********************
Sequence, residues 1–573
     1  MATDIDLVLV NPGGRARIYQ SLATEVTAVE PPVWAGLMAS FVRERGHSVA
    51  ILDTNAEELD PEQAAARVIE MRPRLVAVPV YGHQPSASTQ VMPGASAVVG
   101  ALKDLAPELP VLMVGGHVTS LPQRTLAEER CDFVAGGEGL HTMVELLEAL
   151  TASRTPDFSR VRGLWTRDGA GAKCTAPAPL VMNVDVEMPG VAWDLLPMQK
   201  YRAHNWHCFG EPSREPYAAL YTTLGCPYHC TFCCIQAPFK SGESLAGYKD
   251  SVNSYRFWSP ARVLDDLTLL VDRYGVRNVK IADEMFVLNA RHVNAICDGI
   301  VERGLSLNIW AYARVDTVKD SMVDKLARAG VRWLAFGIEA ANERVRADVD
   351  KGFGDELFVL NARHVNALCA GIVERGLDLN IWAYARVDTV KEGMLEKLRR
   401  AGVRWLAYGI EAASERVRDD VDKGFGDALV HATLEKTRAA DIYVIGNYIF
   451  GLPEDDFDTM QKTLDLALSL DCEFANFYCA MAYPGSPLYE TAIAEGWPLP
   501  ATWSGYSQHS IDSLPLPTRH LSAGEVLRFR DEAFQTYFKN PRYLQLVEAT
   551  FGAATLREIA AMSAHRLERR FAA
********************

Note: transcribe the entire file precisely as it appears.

Sequence, residues 1–573
     1  MATDIDLVLV NPGGRARIYQ SLATEVTAVE PPVWAGLMAS FVRERGHSVA
    51  ILDTNAEELD PEQAAARVIE MRPRLVAVPV YGHQPSASTQ VMPGASAVVG
   101  ALKDLAPELP VLMVGGHVTS LPQRTLAEER CDFVAGGEGL HTMVELLEAL
   151  TASRTPDFSR VRGLWTRDGA GAKCTAPAPL VMNVDVEMPG VAWDLLPMQK
   201  YRAHNWHCFG EPSREPYAAL YTTLGCPYHC TFCCIQAPFK SGESLAGYKD
   251  SVNSYRFWSP ARVLDDLTLL VDRYGVRNVK IADEMFVLNA RHVNAICDGI
   301  VERGLSLNIW AYARVDTVKD SMVDKLARAG VRWLAFGIEA ANERVRADVD
   351  KGFGDELFVL NARHVNALCA GIVERGLDLN IWAYARVDTV KEGMLEKLRR
   401  AGVRWLAYGI EAASERVRDD VDKGFGDALV HATLEKTRAA DIYVIGNYIF
   451  GLPEDDFDTM QKTLDLALSL DCEFANFYCA MAYPGSPLYE TAIAEGWPLP
   501  ATWSGYSQHS IDSLPLPTRH LSAGEVLRFR DEAFQTYFKN PRYLQLVEAT
   551  FGAATLREIA AMSAHRLERR FAA